“For instance, if you can call your doctor and you don’t have to run to an ER because you have a better connection to a particular doctor, that’s going to potentially limit the number of times that you use a more expensive service.”

“Is the fee paid for concierge service paid for by the savings that happen? That’s an insurance question which has been posed. My own personal experience is I am not sure that that is in fact true. It may be true, but I don’t think anyone has proven it one way or the other.”

“A patient who decides to participate in a concierge program, by that decision alone, is different from people of the same socio-economic background because it indicates an intensity of desire to manage their care and to be proactive in their healthcare. People who are proactive in their healthcare are inherently going to get a better outcome than those who are not.”

READ MORE: Healthcare Framework Aims to Drop Low-Value Resource Use, Costs How does the concierge payment model affect the revenue cycle of a medical practice?

Wayne Lipton: “We specifically analyze the revenue generated by physicians individually and collectively within a practice. The revenue per hour in a concierge program that we set up is usually twice the revenue rate per hour spent than they would generate in a traditional practice.”

“There are some practices in specialty care where the goal is not so much to enhance the revenue, but rather to sustain the existing revenue in a contracting environment. That’s been part of what happened several years ago. Now the revenue per hour or revenue per unit of work has been reduced in some specialty areas.”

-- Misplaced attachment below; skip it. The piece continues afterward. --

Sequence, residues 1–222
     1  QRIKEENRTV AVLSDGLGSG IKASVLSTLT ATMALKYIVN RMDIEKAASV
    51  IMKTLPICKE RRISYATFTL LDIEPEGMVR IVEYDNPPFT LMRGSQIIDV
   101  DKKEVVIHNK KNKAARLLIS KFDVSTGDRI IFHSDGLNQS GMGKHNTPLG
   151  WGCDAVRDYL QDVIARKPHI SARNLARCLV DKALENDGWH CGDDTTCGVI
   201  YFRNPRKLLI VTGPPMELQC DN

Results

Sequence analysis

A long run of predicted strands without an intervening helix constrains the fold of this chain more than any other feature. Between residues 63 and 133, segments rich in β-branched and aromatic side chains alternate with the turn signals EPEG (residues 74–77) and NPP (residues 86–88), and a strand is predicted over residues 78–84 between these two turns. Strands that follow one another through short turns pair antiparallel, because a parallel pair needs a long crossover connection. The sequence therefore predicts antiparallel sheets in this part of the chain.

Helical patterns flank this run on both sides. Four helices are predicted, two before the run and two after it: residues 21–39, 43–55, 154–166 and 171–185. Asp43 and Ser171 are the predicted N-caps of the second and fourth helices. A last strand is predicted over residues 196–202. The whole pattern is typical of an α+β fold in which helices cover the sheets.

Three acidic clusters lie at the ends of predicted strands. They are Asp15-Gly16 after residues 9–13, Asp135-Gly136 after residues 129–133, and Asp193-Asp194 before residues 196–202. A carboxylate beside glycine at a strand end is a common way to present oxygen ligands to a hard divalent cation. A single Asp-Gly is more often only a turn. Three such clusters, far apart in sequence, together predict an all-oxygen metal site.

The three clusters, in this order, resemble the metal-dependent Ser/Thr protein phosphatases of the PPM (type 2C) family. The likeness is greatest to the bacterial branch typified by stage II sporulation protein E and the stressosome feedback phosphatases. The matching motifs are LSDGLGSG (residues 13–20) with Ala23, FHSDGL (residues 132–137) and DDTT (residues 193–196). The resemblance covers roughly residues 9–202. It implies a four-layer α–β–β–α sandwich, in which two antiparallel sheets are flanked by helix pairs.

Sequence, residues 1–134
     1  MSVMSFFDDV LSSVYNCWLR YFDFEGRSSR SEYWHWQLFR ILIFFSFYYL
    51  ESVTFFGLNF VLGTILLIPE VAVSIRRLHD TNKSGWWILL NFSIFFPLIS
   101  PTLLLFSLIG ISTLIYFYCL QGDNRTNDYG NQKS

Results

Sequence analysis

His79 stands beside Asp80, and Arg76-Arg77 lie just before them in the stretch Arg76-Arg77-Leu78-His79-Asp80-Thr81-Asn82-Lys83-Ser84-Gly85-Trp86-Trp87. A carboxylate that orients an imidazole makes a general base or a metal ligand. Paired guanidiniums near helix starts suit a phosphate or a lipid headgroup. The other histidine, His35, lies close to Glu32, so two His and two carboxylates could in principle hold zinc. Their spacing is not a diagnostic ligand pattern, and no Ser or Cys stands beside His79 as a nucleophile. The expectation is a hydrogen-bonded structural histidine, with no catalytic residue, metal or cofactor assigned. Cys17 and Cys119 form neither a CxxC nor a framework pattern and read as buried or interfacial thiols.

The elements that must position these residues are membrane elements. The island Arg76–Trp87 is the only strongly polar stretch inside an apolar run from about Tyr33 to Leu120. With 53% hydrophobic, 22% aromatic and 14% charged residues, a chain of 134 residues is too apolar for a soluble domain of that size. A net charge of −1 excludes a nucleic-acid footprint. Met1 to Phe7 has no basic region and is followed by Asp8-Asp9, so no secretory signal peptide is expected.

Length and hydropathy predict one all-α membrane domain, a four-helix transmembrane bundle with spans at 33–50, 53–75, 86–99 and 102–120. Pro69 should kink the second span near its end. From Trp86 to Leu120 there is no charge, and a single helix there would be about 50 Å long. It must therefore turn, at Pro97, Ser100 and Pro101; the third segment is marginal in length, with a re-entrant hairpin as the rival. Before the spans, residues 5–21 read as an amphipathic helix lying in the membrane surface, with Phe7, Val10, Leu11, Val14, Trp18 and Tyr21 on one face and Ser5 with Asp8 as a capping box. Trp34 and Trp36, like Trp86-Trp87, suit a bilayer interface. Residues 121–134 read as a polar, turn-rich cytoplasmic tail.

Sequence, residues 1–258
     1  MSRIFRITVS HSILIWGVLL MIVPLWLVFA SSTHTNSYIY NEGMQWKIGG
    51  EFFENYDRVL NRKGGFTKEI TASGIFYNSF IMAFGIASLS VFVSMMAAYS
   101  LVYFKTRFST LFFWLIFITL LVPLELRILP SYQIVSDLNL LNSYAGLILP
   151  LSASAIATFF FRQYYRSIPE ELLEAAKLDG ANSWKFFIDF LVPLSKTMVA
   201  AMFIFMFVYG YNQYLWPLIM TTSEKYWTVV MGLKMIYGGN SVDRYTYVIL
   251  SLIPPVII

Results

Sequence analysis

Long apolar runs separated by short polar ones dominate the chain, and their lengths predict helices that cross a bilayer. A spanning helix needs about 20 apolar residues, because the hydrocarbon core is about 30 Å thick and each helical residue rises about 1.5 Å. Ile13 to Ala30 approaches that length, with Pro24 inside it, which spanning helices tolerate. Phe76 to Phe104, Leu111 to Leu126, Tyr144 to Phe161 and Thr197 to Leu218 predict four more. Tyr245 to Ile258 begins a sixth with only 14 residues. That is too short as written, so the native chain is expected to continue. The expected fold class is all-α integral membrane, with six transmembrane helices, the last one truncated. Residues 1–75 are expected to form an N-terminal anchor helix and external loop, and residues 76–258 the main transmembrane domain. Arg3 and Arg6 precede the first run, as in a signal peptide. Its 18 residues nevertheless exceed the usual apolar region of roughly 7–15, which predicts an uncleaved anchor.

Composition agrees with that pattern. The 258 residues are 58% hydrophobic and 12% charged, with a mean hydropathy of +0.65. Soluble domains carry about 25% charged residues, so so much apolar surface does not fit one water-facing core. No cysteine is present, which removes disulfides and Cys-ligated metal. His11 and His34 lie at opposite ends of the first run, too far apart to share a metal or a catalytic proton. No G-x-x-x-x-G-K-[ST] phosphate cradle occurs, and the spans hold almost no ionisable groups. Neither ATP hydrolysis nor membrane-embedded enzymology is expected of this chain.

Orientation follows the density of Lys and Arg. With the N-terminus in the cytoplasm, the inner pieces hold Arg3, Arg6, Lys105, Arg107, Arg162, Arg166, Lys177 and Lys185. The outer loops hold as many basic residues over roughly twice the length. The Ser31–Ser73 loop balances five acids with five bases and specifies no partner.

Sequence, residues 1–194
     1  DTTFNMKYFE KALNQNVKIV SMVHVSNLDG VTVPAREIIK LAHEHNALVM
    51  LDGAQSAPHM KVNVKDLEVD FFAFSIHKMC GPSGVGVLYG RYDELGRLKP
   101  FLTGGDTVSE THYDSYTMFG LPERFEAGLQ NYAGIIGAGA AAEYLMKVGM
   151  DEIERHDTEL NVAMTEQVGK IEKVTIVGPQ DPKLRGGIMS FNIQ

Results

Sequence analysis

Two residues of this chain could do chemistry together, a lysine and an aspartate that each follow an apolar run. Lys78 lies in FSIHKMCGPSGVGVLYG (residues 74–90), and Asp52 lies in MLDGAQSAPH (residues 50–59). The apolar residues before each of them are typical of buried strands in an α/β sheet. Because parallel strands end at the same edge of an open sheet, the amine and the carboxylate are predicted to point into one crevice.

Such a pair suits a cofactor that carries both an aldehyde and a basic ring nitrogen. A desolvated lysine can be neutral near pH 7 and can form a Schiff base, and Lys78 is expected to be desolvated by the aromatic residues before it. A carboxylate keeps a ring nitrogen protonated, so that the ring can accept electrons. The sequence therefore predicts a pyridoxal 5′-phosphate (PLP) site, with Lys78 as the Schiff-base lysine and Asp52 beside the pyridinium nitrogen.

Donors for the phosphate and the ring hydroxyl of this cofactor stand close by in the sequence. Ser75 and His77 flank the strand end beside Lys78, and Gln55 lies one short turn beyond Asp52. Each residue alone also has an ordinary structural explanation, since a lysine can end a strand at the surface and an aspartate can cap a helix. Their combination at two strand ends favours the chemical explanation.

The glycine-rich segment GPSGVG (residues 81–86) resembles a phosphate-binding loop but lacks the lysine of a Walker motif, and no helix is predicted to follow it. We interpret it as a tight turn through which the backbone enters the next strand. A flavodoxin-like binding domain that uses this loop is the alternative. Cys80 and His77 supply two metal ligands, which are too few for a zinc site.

“In today’s world, the good news is that the concierge programs and the pricing that we work with inevitably affects the practice in the aggregate dollars in a significant way – anywhere from 10 percent of revenue across the board to as much as 30 to 40 percent with the same amount of overhead.”

“It’s a very interesting balance. If you price is too high, you get too few members and it’s unstable. If you price it too low, it doesn’t add value to the practice. Pricing it at the right place is one of the pieces of the puzzle that we bring to the table.” What is the exact type of payment model that Concierge Choice Physicians uses and how does it impact patient care?

Wayne Lipton: “From the perspective of the patient, they’re paying for a product that is entirely built around non-covered services. The non-covered services are delivered as an expansion of what is currently covered. The doctor and the patients continue to utilize and participate in third party programs for the covered services.”

“Because in a hybrid program there is no dismissal of patients, the insurers still have a provider who takes care of traditional patients and concierge patients. Their satisfaction with this type of a program is extremely high. What the patient does is pay an out-of-pocket fee for these non-covered services in the form of a membership which entitles them to a defined set of services.”

“The other services that they would receive are the same type of services that are covered by their insurance, by Medicare, or another third party payer. That’s the basic concept of how it’s put together.”

“The doctor is compensated by those fees. We are paid for our services as a provider of administrative services along with marketing, support, and training services. We help structure this so that it best suits the needs of the practice and the needs of the patients.”

“Our unique hybrid approach enables patients to join the practice both on the traditional side or the concierge side. There’s a flow of new patients that come into the practice and the older patients get older. As they do, sometimes they believe that the concierge program may be appropriate for them as their lives change.”